Article Ii Revisionism, Cass R. Sunstein Oct 1993

Article Ii Revisionism, Cass R. Sunstein

Michigan Law Review

One of the most striking developments of the last decade has been the new use of Article II in public law adjudication. Article II is a prominent feature not only of cases involving the creation of federal institutions that are independent of the President, but also of new disputes involving reviewability, scope of review, and standing.

Professor Krent and Mr. Shenkman have performed a valuable service in spelling out the argument that Article II, rather than Article III, justifies constitutional limits on legislative grants of standing. Indeed, on several important matters, we are very much in agreement. In this brief ...


Postconviction Review Of Jury Discrimination: Measuring The Effects Of Juror Race On Jury Decisions, Nancy J. King Oct 1993

Postconviction Review Of Jury Discrimination: Measuring The Effects Of Juror Race On Jury Decisions, Nancy J. King

Michigan Law Review

In Part I, I review the empirical evidence concerning the effect of jury discrimination on jury decisions. Using the work of social and cognitive psychologists, I argue that the influence of jury discrimination on jury decisions is real and can be measured by judges in certain circumstances. The empirical studies suggest criteria that courts could use to identify the cases in which jury discrimination is most likely to affect the verdict. I also refute the argument that white judges can never predict the behavior of jurors of racial backgrounds different than their own and conclude that judicial estimates of the ...


The Constitutionality Of Employer-Accessible Child Abuse Registries: Due Process Implications Of Governmental Occupational Blacklisting, Michael R. Phillips Oct 1993

The Constitutionality Of Employer-Accessible Child Abuse Registries: Due Process Implications Of Governmental Occupational Blacklisting, Michael R. Phillips

Michigan Law Review

This Note discusses the due process implications of permitting employer access to state child abuse registries when disclosure affects registry members' employment.


Vol. 44, No. 2, September 27, 1993, University Of Michigan Law School Sep 1993

Vol. 44, No. 2, September 27, 1993, University Of Michigan Law School

Res Gestae

•Student Seek Support for Boycott •First-Time Professors Join Law Faculty •Students Deserve to Have Exams Read •Lawyer-Bashing Reaches New Heights, Takes New Forms •Colorado Boycott Inappropriate for Law School •QLSA Asks for Support in Boycott of Colorado •Melon, Harvey Tell Musical Tales of Angst •Outside the Classroom: Lounging by the Pooley •The Docket •Fashion Hints for the Novice Law Student •Law in the Raw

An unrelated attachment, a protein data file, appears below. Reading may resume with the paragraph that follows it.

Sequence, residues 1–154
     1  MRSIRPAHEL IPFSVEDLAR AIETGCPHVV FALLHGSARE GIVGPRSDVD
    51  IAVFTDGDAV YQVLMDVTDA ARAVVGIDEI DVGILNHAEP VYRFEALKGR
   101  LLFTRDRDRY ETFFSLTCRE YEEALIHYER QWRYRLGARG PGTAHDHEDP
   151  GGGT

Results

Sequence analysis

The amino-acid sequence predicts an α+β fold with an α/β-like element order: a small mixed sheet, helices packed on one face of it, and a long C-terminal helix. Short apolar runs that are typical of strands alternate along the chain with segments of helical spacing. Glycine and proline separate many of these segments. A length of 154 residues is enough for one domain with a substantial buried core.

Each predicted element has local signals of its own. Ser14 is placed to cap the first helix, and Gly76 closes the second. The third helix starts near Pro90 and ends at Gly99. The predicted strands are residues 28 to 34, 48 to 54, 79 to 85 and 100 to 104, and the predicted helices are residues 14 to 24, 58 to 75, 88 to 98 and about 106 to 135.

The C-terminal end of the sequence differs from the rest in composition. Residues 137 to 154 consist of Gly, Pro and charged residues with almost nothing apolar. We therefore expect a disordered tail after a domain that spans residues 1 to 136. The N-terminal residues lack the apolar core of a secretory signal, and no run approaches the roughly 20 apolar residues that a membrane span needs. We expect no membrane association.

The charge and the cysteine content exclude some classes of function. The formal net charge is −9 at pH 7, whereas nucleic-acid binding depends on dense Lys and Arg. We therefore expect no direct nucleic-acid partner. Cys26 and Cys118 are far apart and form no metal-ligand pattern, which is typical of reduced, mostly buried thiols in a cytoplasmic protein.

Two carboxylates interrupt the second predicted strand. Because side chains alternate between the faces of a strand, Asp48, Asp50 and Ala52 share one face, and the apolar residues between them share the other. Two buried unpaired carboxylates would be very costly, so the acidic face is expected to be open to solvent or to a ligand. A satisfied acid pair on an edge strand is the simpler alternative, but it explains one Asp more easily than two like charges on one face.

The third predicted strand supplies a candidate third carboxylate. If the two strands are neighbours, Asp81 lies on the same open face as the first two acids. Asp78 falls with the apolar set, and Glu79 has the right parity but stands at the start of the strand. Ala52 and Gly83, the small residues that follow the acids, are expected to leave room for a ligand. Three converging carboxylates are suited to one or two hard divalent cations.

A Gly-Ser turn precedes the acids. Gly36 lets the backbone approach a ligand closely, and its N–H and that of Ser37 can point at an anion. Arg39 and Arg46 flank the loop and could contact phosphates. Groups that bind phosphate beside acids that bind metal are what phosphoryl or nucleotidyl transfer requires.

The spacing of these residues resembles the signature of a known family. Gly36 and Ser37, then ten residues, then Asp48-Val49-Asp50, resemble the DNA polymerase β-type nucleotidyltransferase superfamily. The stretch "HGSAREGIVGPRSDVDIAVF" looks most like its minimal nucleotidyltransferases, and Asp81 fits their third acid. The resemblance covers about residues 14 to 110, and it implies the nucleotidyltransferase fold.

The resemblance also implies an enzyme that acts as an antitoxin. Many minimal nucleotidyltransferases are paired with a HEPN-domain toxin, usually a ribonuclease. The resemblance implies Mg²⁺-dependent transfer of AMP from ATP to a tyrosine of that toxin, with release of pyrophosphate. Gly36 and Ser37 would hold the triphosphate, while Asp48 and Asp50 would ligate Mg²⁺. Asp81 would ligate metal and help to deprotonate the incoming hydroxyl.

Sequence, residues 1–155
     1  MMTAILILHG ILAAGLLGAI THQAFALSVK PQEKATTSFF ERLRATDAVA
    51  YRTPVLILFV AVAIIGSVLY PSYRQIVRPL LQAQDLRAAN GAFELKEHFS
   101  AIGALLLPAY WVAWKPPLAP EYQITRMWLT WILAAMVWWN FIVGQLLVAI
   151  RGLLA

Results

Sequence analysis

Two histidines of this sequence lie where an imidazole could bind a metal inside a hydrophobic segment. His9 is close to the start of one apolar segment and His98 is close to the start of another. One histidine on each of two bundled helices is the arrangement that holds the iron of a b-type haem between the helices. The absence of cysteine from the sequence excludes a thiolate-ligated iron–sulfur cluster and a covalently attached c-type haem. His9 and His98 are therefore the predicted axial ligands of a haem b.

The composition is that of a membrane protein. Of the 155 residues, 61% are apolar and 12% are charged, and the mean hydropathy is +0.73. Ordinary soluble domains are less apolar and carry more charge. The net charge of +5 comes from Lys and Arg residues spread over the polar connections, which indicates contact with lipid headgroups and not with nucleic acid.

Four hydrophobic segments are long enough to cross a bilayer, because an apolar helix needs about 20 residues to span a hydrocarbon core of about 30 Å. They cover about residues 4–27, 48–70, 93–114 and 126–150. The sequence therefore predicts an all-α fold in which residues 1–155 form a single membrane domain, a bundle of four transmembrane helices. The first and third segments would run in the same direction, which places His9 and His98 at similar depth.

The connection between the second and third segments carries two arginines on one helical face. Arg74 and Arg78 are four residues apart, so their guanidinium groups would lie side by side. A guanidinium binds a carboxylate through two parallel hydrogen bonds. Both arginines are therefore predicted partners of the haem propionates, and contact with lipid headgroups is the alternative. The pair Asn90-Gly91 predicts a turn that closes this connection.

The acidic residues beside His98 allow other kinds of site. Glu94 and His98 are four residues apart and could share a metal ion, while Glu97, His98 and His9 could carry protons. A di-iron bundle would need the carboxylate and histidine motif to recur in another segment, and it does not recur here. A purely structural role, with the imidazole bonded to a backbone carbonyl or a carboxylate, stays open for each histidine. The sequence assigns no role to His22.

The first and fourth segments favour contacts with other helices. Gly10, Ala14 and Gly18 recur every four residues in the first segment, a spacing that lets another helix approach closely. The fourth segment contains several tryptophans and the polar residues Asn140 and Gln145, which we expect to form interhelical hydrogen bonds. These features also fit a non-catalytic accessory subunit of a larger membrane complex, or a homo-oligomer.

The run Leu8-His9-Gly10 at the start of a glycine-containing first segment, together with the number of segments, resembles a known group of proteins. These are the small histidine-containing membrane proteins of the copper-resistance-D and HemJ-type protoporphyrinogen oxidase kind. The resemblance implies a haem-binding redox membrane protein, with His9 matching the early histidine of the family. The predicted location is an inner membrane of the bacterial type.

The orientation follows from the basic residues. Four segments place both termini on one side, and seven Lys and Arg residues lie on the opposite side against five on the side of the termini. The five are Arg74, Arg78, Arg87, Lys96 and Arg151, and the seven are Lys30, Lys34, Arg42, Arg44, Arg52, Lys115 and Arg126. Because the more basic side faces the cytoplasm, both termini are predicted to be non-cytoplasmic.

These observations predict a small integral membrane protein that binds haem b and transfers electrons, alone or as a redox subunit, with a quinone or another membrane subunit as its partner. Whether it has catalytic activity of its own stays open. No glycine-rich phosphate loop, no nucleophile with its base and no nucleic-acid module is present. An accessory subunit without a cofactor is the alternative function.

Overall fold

The Disjunction Between Judge Edwards And Professor Priest, Louis H. Pollak Aug 1993

The Disjunction Between Judge Edwards And Professor Priest, Louis H. Pollak

Michigan Law Review

With characteristic vigor, Judge Harry Edwards, in his essay The Growing Disjunction Between Legal Education and the Legal Profession, has censured the law schools and, secondarily, the bar, for what he sees as profoundly disturbing trends pulling academics and practitioners farther and farther apart. Judge Edwards' censure is not proffered off the cuff. He has carefully polled his former law clerks on their perceptions of their law school years and of their postclerkship professional experiences - whether in private practice, in government, or in teaching. In the text and footnotes of his essay, Judge Edwards quotes his law clerks' responses in ...


Stewardship, Donald B. Ayer Aug 1993

Stewardship, Donald B. Ayer

Michigan Law Review

While I agree with much that Judge Edwards has proposed, I thus submit that his formulations of the problem are partial - a bit like those of the blind men examining different parts of the elephant. The law's current unhappiness is only partly described as that of law schools and practicing lawyers going in different directions, of law practice becoming too commercial, or of law schools failing to serve the needs of the practicing lawyers and judges with practical teaching and scholarship. All of these observations, while correct as far as they go, miss the root of the problem, which ...


Commentary On Judge Edwards' "Growing Disjunction Between Legal Education And The Legal Profession", James L. Oakes Aug 1993

Commentary On Judge Edwards' "Growing Disjunction Between Legal Education And The Legal Profession", James L. Oakes

Michigan Law Review

Perhaps this little piece should be entitled Grace Notes rather than Commentary because I agree with so much of what Judge Edwards had to say in the Michigan Law Review. When I first read his piece, I have to say I was quite skeptical of his methodology, namely, running a survey past a group of former law clerks who, by virtue of their own super achievement, primarily in so-called elite law schools, quite easily could have ethereal points of view. But in typical Edwardsian fashion, the judge made appropriate disclaimers, and the clerks' comments seemed to me, for the most ...


The Deprofessionalization Of Legal Teaching And Scholarship, Richard A. Posner Aug 1993

The Deprofessionalization Of Legal Teaching And Scholarship, Richard A. Posner

Michigan Law Review

The editors have asked me to comment on Judge Edwards' double-barreled blast at legal education and the practice of law. This I am happy to do. It is an important article, stating with refreshing bluntness concerns that are widely felt but have never I think been so forcefully, so arrestingly expressed. Nevertheless I have deep disagreements with it.